[Tutor] Re: A simple (newbie) question.

D-Man dsh8290@rit.edu
Thu, 22 Feb 2001 09:30:58 -0500


On Thu, Feb 22, 2001 at 02:13:56PM +0000, mike.mellor@tbe.com wrote:
| D - 
| I tried it, and couldn't make it work this way either.  Here is what 
| I got:
| 
| >>> eval(c)
| Traceback (most recent call last):
|   File "<pyshell#4>", line 1, in ?
|     eval(c)
|   File "<string>", line 1
|     print "Python"
|         ^
| SyntaxError: invalid syntax
| 
| 
| Am I doing something wrong?  Thanks.

Oh, yeah, I forgot -- Python makes a distinction between statements
and expressions.  eval() only works on expressions and returns the
value of the expression.  exec() handles statements, but doesn't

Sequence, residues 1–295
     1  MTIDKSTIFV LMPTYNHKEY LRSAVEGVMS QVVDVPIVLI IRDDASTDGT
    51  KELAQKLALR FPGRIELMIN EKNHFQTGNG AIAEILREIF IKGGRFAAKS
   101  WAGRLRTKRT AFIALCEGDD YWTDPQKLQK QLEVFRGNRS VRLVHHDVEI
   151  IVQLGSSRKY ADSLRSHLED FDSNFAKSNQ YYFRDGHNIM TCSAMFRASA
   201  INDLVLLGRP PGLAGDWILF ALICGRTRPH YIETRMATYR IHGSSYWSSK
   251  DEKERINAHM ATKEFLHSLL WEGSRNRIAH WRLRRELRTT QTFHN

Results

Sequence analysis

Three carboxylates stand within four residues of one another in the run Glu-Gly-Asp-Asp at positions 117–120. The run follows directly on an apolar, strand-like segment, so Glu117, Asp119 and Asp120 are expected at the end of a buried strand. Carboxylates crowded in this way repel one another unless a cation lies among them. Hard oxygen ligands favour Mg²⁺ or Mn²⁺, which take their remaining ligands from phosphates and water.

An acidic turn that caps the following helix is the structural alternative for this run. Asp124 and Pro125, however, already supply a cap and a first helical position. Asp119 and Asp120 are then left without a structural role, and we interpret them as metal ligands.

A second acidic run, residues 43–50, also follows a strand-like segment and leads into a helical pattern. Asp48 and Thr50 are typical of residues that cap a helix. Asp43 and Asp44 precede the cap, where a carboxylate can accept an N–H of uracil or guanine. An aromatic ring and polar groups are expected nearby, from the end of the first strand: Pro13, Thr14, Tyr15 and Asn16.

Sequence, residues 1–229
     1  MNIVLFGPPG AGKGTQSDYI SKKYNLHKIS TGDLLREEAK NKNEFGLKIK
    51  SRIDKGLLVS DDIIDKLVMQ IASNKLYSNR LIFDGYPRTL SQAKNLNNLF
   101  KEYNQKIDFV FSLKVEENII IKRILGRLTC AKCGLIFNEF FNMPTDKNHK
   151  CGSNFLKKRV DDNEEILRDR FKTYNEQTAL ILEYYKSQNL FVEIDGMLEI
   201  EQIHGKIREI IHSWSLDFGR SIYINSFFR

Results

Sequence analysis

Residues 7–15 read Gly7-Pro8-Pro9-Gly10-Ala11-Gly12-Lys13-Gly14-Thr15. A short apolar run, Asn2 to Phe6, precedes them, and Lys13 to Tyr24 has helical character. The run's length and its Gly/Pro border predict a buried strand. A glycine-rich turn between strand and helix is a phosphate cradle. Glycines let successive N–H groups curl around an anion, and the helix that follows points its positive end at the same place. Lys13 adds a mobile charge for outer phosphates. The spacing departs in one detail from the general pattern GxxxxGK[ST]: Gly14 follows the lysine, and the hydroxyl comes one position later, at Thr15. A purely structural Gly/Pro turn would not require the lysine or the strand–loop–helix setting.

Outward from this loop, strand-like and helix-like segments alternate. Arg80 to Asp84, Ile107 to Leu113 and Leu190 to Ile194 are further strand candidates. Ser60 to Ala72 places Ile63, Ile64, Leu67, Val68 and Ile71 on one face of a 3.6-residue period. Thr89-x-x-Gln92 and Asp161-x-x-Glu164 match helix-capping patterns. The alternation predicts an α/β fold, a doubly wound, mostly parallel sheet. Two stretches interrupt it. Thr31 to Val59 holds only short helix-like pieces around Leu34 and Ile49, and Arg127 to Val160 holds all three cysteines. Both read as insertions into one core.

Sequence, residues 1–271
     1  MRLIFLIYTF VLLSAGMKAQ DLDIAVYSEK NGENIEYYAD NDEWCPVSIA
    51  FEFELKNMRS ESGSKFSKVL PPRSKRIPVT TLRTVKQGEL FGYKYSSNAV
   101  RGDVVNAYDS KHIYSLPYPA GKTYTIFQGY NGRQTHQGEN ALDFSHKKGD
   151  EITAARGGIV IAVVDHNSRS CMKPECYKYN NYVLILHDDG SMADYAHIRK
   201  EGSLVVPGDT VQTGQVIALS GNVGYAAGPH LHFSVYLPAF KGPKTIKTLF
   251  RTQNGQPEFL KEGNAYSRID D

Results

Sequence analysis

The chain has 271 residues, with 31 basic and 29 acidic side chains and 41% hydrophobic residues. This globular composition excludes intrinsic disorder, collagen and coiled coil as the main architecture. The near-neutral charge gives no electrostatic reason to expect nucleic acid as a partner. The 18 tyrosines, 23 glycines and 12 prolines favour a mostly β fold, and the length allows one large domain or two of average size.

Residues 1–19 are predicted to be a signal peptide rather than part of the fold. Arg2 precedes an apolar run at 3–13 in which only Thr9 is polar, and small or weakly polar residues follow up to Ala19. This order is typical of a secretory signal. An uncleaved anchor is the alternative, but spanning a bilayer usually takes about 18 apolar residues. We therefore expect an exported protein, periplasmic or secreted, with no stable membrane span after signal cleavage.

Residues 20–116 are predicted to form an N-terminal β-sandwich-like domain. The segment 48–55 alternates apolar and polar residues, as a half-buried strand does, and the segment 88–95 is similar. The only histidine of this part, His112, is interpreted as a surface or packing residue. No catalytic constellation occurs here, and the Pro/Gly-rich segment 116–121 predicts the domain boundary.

return anything.  (If I had tried what I suggested I would have seen
it not work)  For this example, use  exec( c )  If you want to try
eval, try something like

a = "3"
b = "4" 
c = a + " + " + b
d = eval( c )
print d


(I tested this this time ;-))

-D

PS.  I believe that Common Lisp and Scheme don't make this
distinction since all "statements" are actually functions.  The funny
thing is I haven't used CL or Scheme much so I should remember the
Python way more than the Lisp way.